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How do you do....it? Thread, ICT Rooms in Technical; We are currently designing a new Junior school, and the schools advisors and architects have told the head\govenors that they ...
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    ICT Rooms

    We are currently designing a new Junior school, and the schools advisors and architects have told the head\govenors that they don't need a dedicated ICT suite and that all new schools use laptops/wireless to change any room into a ICT classroom.

    I am slightly concerned, simply because currently the juniors here have a dedicated ICT suite which is used to teach ICT and is available to them break/lunch and after school. We then have a set of laptops that they use in the classrooms to aid them in other areas of the curriculum. (i.e. they want to do some research on the victorians). Now the teachers and the pupils love coming to the ICT room and many prefer to use the suite over the laptops.

    If this is what is decided then I will do my best to create a system that will work well for them, but I just feel that its wrong for them to abandon the ICT suite, I would prefer to have the suite and laptops.

    What are peoples opinions/experiences on this matter??

    Thank you.

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    BrianG's Avatar
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    I can use my schools as an Example. I have 6 schools ( Primary) One out of the 6 doesn't have an ICT suite. THey are a new build, and like you, they were advised that it was best not to have an ICT suite. They, instead, have a trolley of 30 laptops. It's a nightmare. They haven't and won't invest in a good enough wireless system. The laptops are constantly being damaged. Not malicious but just through young hands getting them in and out of the trolley. They get dropped, knocked off desks etc.. The schools with the ICT suites love that they, as you say, can go in their during lunch and breaks. They can hold staff training in there. Staff can go in there for the PPA time. I don't understand the thinking behind getting rid of ICT suites.

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    ICT suites are expensive to fit out, they take up more space & cost lots of money to cable. These are often the real reasons why architects, planners and advisors holding the purse strings don't like them.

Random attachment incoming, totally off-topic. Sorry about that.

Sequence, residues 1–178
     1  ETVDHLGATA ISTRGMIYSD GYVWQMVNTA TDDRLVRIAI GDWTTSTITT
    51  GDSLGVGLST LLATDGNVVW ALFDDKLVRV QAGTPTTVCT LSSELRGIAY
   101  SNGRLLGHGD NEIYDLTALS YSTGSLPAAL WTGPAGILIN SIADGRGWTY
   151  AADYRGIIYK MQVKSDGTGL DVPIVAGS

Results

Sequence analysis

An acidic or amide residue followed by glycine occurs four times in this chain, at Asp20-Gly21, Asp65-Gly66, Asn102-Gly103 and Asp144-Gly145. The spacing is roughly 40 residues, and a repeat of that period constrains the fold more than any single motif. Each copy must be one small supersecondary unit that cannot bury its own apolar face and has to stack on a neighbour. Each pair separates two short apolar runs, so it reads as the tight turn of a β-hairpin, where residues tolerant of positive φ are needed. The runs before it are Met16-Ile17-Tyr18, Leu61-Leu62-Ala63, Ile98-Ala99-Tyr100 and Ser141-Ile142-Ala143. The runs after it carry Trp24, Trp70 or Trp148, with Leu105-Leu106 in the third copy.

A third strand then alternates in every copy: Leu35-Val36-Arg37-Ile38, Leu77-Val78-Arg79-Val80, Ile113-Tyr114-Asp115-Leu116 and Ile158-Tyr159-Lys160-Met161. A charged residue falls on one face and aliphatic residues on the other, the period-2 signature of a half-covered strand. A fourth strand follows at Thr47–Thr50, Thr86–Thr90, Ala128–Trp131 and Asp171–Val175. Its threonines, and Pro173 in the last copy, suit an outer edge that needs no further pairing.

You might want to ask what would happen if the health and safety guidelines with respect to wireless suddenly change, especially for younger children with more rapidly developing brains?

    In my experience (admittedly at a Secondary school) fixed desktop systems in ICT suites have a longer life expectancy than laptop systems, and are easier & cheaper to maintain.

    If it were left to me I would always aim to have a mix of fixed & mobile equipment in school.....

    actually if it were really left to me I would have all fixed equipment, built into the furniture in every classroom

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    tmcd35's Avatar
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    I know I'm on record as being firmly in the anti-laptop corner and for this school I do me level best to stand my ground.

    However laptops are not all bad so long as they engineer around the problems. Buy in to a decent managed wireless infrastructure. Design GPO's and profiles around the WAP's contension ratio and resulting speed. Purchase spare batteries and chargers. Maybe even splash out a little extra on decent models like the Ergo Toughbooks.

    It's when they fail to do (or in our case can't afford to do) all of this that the problems with laptops creep in and they get disrepected by staff and students a like.

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    maniac's Avatar
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    Quote Originally Posted by TronXP View Post
    We are currently designing a new Junior school, and the schools advisors and architects have told the head\govenors that they don't need a dedicated ICT suite and that all new schools use laptops/wireless to change any room into a ICT classroom.
    That's a very sweeping statement that's simply not true. Not ALL new schools use laptops and wireless as their only ICT provision. There are some that take this approach granted, but this is where you have to make absolutely sure the school is aware of the repercussions of its decisions in terms of higher maintenance costs, possible reliability issues with wireless depending on the investment they make, increased likelyhood of theft, generally increased cost of purchasing in the first place and the logevity of laptops is not as good as desktops etc. etc.